Postcard prose - Issue 07 | November 2009

Spring Break in Split, 1988

by Mike Herndon

The highlight of our days comes late in the afternoon, when we spread our dinars out on the bed and count them. Three thousand, four thousand, five thousand. We live hand to bar to mouth in Munich, but here we are rich.

Give us two tickets as far south as we can go, we’d said at the train station. We expected to find beaches, like in the brochures, but there are only rocks and cement. We expected to bed the girls who walk down the boulevard outside the pension every morning, their legs tanned by the Adriatic sun, but they don’t understand a word we say. We expected to bar-hop for a week straight but all the taverns are packed with young men standing around tall tables, elbow-to-elbow, with Tito looking down from every wall.

So we sit by the harbor with a two-dollar bottle of vodka, we eat three-dollar bowls of pasta in darkened cafes, and we count our money.

Down the shoreline a resort hotel rises off the water like an oasis, calling us from its bed of white stones. The cab ride is worth three meals and we spend our fortune in the final night, dropping shots of rum and tequila in a club like those back in Schwabing. The only girls are a team of Russian soccer players who don’t speak English or German or anything else we can fake.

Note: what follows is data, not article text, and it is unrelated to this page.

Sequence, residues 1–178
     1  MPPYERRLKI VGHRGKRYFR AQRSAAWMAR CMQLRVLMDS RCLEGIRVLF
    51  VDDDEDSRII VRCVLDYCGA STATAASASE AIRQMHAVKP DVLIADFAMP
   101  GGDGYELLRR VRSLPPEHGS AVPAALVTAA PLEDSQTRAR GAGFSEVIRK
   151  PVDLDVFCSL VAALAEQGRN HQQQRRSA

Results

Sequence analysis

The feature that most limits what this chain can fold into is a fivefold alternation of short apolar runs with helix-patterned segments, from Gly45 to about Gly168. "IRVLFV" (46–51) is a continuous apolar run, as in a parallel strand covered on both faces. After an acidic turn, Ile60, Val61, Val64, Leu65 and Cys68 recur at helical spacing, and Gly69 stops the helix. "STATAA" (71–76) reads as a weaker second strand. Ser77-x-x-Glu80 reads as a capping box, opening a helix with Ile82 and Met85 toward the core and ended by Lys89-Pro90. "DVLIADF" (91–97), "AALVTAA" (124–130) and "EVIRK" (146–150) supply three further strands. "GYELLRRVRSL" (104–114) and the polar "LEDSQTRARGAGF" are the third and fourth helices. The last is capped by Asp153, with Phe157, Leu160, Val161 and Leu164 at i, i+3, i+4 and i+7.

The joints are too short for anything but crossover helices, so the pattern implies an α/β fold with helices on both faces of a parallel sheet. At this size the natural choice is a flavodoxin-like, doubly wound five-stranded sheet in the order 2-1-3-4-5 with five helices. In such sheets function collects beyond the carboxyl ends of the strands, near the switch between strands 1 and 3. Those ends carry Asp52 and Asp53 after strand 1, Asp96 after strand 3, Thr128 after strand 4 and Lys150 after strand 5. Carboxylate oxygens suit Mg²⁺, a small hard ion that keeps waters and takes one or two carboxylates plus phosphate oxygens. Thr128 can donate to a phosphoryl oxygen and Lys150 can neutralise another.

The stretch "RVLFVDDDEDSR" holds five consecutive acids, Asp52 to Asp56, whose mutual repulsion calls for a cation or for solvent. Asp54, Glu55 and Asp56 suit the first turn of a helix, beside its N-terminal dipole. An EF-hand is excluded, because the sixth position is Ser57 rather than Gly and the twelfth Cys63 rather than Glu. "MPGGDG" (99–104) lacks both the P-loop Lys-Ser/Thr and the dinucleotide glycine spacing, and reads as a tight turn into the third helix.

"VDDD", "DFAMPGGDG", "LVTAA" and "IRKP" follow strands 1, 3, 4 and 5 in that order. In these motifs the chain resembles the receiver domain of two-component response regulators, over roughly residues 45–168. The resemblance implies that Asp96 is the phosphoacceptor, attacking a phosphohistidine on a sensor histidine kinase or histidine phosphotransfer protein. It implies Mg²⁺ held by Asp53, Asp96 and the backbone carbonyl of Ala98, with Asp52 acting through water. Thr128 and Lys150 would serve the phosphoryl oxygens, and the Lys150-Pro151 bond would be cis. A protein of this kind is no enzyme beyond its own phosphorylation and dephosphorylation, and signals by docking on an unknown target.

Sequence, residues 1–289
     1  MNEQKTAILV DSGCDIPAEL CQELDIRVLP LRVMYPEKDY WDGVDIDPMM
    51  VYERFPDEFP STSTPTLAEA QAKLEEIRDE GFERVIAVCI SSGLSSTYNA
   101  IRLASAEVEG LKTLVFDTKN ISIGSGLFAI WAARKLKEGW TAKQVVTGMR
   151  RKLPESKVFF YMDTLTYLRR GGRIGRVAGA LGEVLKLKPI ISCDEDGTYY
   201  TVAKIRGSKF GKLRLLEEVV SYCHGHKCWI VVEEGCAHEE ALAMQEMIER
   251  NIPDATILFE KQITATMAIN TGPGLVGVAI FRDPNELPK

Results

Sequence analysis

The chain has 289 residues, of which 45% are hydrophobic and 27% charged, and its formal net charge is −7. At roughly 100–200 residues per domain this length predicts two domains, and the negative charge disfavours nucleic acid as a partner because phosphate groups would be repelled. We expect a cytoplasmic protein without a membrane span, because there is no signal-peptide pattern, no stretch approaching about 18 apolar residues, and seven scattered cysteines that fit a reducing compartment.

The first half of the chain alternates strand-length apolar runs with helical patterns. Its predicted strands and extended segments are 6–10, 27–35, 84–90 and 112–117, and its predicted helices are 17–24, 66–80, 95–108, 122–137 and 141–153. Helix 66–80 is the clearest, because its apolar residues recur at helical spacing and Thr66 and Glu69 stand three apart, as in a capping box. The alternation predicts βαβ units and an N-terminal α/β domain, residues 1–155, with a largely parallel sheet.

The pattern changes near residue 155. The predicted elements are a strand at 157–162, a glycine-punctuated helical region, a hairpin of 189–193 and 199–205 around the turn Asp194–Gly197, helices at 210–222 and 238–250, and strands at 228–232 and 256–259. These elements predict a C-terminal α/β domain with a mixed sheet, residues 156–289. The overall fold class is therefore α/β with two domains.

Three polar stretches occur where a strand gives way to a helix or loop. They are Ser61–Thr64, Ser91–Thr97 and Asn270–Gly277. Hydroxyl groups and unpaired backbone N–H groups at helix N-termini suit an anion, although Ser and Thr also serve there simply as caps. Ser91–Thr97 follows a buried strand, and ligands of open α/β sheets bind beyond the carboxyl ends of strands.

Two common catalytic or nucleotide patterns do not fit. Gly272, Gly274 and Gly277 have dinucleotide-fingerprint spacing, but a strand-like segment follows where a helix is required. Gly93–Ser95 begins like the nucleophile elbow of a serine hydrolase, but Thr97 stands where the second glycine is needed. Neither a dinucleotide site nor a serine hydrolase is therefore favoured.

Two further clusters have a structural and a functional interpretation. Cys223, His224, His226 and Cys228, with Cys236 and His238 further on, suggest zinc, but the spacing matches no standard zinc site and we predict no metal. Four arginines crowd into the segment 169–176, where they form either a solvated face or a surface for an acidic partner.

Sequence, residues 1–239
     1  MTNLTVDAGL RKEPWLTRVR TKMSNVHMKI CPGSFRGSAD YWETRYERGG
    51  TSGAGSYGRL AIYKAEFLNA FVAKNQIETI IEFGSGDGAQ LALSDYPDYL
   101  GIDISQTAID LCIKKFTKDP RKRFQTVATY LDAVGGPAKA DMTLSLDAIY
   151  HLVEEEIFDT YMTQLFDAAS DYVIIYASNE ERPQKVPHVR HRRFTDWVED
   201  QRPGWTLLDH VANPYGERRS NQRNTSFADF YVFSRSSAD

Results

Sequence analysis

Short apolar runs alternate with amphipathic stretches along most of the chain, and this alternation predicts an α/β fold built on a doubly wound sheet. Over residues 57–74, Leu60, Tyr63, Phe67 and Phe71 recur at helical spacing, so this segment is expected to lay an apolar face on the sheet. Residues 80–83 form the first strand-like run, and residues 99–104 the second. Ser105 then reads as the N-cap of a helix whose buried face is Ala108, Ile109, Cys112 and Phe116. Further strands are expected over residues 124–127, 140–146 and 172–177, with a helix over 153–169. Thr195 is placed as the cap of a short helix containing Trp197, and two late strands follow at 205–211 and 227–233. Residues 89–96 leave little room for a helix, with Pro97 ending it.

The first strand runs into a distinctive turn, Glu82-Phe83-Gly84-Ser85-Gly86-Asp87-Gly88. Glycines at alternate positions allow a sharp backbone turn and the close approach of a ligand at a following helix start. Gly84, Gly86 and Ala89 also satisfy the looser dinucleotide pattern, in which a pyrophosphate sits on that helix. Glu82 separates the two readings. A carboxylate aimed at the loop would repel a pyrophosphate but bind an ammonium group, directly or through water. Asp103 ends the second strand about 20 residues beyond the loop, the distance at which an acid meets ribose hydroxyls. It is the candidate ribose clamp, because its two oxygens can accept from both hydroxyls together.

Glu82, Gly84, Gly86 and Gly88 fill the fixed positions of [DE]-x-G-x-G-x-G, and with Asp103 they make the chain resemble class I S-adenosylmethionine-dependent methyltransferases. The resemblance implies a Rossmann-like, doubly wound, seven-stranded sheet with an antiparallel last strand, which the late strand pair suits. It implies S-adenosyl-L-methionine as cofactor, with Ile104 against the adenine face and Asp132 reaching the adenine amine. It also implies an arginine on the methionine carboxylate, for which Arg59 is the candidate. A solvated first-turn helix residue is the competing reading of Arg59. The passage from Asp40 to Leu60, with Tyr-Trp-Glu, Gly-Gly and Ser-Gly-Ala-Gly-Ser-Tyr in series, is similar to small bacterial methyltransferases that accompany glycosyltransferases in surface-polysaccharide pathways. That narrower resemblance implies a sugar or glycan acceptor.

Bar orders are universal, but pickup lines require some measure of fluency.

In the morning, we trade the last of our money for French bread and Nutella as we leave to catch the train. When we get back to Germany we will be poor again.


About the author

Mike Herndon has frequented, and been occasionally kicked out of many of the finest taverns and beer halls of Berlin, Brussels, Frankfurt, Munich, and, so he’s told, Mallorca. Now living in Mobile, Alabama, he has resolved to explore more of his own country and to be kicked out of fewer taverns. His fiction has been published in Aura, among other venues.

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